Employee company takes over at Harmac
Workers, managers and other partners meet Supreme Court deadline
Robert Barron, Canwest News Service
Published: Saturday, August 30, 2008
NANAIMO -- The four partner groups that make up Nanaimo Forest Products became the proud new owners of the Harmac pulp mill yesterday afternoon.
NFP, consisting of a group of Harmac's employees and managers, Pioneer Log Homes, Totzauer Holdings and the Sampson Group, successfully met the Supreme Court-ordered deadline to buy the mill for $13.2 million.
Plans are for almost 200 Harmac workers to return to work on one line by late September or early October with other employees returning to work over time as the mill's operations expand.
A group of obviously overjoyed workers, along with representatives from NFP's other partners, gathered at the mill's gate before the handover was official and took part in a cereomny to raise the Harmac flag. "We like the product so much, we bought the company," said worker Doug Narver to the amusement of his fellow workers.
Harmac shut down in May after its former owner, Pope & Talbot, went bankrupt, putting 530 employees out of work.
Gerry Tellier, president of the Pulp, Paper and Woodworkers of Canada, Local 8, which represents Harmac's workers (who have each agreed to invest $25,000 toward the mill purchase), said the days immediately following the mill's closure were dark ones for the employees. "Not many mills that go down come back so many felt there was no hope for a revival," he said as workers poured through the gate yesterday. "It was like a death in the family. However, many of us said at the time that we're not done yet and now here we are. I'm not used to getting emotionally excited about things but I have to say that I'm feeling pretty pumped today. Our accomplishment feels good."
Levi Sampson, a spokesman for the Sampson Group, now Harmac's marketing manager, said he's happy that NFP has finally acquired the mill after many months of work.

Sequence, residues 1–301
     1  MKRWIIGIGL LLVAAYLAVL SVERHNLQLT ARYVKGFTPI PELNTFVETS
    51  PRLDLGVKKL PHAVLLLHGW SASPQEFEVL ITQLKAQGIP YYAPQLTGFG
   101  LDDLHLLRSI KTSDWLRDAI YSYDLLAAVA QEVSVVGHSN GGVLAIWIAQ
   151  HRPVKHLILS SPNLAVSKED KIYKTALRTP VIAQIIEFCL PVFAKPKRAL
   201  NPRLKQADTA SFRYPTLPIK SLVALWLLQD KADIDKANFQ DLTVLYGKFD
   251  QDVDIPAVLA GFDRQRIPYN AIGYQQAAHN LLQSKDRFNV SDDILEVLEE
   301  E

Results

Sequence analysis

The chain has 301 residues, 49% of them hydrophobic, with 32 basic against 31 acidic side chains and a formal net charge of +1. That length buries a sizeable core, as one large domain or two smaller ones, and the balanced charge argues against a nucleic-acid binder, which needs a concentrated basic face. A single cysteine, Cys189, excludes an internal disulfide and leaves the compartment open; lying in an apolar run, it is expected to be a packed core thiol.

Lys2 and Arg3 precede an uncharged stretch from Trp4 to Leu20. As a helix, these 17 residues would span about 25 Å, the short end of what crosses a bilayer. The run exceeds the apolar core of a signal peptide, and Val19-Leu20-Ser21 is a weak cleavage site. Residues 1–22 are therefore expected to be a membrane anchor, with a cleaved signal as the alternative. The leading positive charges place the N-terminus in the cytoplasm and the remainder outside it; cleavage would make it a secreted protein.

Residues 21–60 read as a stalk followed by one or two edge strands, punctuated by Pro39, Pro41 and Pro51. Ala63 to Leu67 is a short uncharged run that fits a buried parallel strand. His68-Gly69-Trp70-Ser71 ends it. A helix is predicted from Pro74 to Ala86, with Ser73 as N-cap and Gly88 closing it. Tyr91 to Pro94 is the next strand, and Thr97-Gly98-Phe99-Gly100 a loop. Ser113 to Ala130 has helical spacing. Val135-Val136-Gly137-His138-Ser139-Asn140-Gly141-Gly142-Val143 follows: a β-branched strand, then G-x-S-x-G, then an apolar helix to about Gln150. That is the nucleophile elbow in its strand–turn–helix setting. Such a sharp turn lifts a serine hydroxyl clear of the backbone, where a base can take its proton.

"We're celebrating today but now the real work begins and I'm guessing we'll all be working 18 hours a day to make the mill a success," he said while opening champagne bottles after the flag-raising ceremony. "Some of these guys worked their whole lives at the mill and it's a special thing for me to see them so happy today. The Harmac story has gone national because it's a real story about people and efforts to keep jobs in B.C. and that resonates with people everywhere."
Sampson said he envisions many opportunities for Harmac, including biofuels, over time, but the first task is to get the mill up and running.
Bryan Reid, president of Williams Lake-based Pioneer Log Homes, said the company's first interest in Harmac was in its parts as part of a possible liquidation process, but the company decided to join NFP after meeting Harmac's workers and managers.
"They're the best in the world in what they do and we felt they didn't need to be unemployed," Reid said. "We also want to show that running successful forestry operations is still possible in B.C. and we're confident Harmac will be successful."
Jonathon Lampman, a lawyer from Nanaimo's Ramsay Lampman Rhodes law firm, which helped NFP ink their deal with the courts and Harmac's receiver, PricewaterhouseCoopers, said preparing the company's bid was the most unique file I have worked on in my 30 years as a lawyer."
"I've never seen such co-operation among everyone involved to close this deal and they made it happen in ways I've never seen before," he said. "There were many times during the difficult process when I wanted to put down my tools and walk away but we made the case for the deal and the judge [Donald Brenner] believed and had faith in us."
Millwright James Slotte, Harmac's most senior employee with 47 years at the mill, was given the honour of raising the Harmac flag under the mill's new ownership on yesterday.
He said it's a "great feeling" to know that the mill will reopen. Lots of guys with lots of experience at the mill are coming back and we can't wait to get back to work," Slotte said.